Product Talks Review: Balancing Commercial Initiatives with User Experience

In our latest Product Talks event, US product management consultant and blogger, Roger Cauvin, guided a group of Sydney-based product managers through an interesting discussion – balancing commercial objectives with user experience.

The premise of the discussion was that various commercial initiatives do not have to be inconsistent with principles of strong user experience. It is possible, although sometimes challenging, to find a balance that satisfies both interests.

Types of commercial initiatives

The discussion kicked off with Roger providing an overview of some common commercial initiatives:

  • Corporate branding:
    Brand managers are focused on maximising the awareness and perception of their brands and often a corporate brand is mandated for use with a particular product. Some examples were discussed whereby a broad multi-product brand was applied to very different market segments, leading to confusion and misperceptions about the product.
  • Regulatory compliance:
    In an increasingly regulated business environment, new rules apply that can make some products and services more complex to sell or use. For example, the level of security now required for some online transactions can be a disincentive to purchase and may actually encourage some users to switch to more traditional transaction methods.
  • Company processes:
    Unsurprisingly, company processes, rules and methodologies are common, particularly in larger organisations and the group discussed many examples of when such processes complicate things to the detriment of the user experience.
  • Revenue/cost control:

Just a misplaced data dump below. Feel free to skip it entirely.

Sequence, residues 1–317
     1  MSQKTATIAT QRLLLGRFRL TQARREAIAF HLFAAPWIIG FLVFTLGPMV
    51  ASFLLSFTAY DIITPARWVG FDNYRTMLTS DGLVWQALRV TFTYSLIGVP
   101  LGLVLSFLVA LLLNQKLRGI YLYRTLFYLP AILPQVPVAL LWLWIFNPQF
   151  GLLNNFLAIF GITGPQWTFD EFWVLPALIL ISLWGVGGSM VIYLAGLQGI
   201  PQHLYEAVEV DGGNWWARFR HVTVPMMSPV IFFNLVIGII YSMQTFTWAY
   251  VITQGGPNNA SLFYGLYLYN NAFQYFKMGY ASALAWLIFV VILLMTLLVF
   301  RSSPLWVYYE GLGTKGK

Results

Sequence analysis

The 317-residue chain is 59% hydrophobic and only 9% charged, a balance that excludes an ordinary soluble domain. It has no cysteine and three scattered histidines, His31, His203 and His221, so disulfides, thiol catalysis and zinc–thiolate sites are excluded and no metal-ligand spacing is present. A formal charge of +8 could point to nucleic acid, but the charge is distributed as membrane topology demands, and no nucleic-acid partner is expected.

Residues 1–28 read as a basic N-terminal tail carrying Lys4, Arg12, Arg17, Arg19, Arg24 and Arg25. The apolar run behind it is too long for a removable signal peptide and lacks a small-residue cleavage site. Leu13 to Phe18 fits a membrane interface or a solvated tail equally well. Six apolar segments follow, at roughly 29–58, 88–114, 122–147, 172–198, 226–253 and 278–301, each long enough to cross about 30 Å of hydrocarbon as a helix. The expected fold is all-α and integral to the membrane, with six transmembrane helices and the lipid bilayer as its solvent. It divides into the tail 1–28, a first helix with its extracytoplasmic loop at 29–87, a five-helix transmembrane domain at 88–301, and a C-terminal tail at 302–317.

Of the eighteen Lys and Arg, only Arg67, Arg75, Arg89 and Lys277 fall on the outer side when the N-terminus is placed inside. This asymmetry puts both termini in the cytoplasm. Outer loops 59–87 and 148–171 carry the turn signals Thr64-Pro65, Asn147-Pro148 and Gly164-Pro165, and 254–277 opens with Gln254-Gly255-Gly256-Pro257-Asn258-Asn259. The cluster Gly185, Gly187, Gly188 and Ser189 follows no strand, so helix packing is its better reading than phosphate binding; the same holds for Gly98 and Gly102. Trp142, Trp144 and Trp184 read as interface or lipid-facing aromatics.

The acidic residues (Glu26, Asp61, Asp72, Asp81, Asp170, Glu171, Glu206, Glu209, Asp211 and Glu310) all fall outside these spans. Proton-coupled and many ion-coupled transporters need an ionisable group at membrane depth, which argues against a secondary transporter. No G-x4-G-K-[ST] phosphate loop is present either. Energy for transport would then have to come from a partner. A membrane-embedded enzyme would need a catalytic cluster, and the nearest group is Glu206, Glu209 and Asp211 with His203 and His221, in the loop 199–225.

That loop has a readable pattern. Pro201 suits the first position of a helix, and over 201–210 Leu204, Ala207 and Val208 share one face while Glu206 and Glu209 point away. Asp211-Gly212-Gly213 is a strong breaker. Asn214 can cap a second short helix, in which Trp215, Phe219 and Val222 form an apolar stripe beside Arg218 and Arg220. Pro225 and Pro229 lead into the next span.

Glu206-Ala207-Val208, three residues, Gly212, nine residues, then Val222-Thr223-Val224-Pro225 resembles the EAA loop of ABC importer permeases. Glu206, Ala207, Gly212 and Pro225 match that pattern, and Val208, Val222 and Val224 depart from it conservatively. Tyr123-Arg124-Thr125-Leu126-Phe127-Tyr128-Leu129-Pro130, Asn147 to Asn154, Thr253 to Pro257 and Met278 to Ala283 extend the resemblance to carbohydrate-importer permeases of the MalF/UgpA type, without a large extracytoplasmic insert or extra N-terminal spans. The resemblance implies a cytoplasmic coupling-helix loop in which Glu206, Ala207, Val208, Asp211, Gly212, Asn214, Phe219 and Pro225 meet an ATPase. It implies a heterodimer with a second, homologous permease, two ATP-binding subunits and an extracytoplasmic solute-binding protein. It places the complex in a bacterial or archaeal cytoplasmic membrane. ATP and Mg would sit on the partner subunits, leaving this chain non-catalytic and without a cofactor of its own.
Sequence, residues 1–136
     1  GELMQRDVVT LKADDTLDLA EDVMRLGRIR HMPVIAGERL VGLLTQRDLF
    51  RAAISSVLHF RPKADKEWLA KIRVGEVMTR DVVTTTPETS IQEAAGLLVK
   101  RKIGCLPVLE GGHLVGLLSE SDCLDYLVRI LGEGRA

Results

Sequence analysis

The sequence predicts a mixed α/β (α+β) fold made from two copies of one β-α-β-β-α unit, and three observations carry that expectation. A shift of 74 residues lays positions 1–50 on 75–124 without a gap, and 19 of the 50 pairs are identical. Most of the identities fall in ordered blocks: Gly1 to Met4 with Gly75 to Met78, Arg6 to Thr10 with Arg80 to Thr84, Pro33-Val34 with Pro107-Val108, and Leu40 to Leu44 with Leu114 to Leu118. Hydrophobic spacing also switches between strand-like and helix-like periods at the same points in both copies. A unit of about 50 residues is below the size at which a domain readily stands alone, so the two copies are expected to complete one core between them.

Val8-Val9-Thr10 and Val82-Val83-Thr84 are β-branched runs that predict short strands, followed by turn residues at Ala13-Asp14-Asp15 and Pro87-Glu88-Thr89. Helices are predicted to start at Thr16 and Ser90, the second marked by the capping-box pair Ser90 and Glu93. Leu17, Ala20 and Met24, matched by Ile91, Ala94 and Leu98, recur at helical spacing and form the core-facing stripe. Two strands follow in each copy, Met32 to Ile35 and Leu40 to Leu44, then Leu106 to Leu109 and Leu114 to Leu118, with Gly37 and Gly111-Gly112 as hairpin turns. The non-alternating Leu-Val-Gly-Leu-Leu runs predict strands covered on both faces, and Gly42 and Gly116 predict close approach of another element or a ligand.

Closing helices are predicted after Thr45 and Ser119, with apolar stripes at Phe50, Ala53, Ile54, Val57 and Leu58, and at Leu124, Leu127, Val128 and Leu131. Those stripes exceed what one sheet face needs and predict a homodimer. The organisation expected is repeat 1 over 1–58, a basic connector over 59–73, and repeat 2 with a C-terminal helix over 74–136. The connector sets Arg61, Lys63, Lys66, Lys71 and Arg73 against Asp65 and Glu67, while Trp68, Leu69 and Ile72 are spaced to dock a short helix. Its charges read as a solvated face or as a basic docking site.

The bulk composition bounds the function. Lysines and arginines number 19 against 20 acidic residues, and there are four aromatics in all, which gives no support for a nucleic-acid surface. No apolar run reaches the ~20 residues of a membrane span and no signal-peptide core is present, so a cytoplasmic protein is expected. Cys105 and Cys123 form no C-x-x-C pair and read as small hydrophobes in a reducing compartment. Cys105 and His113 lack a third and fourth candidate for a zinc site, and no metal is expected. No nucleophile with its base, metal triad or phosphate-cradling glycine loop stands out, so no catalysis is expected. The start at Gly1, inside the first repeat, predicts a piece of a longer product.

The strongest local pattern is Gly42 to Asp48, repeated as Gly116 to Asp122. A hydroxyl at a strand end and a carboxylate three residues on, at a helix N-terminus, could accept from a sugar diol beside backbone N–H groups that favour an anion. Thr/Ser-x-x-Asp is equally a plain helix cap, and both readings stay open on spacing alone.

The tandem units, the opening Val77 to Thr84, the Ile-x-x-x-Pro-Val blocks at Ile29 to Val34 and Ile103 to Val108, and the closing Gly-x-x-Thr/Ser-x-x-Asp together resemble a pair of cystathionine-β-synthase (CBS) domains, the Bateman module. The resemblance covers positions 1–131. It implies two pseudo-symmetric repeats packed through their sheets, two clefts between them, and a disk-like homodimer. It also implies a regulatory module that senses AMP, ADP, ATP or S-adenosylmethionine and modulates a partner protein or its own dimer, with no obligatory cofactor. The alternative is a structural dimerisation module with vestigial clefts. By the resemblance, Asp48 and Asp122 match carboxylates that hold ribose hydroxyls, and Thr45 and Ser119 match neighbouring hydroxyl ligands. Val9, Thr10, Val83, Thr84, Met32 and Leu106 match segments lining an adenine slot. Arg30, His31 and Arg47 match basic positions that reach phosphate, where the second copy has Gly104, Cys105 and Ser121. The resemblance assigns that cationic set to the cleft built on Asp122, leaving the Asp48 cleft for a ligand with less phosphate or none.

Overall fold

As the economy tightens up, organisations seek efficiencies and cost savings and this often impacts on user experience. Examples of offshoring processes or customer support were given.
  • Social responsibility:
    Voluntary and mandatory adherence to new social expectations around community and environmental responsibility have influenced business. Whilst users increasingly demand that organisations take a more proactive role, this often means more complex processes or changes in product design or function that users may not have wanted.

Discussion within the group also introduced some other possible sources of commercial focus, including the aptly named “Executive pet project” in which a product or service is created for political reasons with important checks and balance steps being skipped or rushed with negative results.

Roger than recapped principles of user experience, outlining that it was influenced by many factors. Initially design helps to determine the experience but the effects of sales, marketing, operations, customer demands and competitive forces acting to shape and mould it.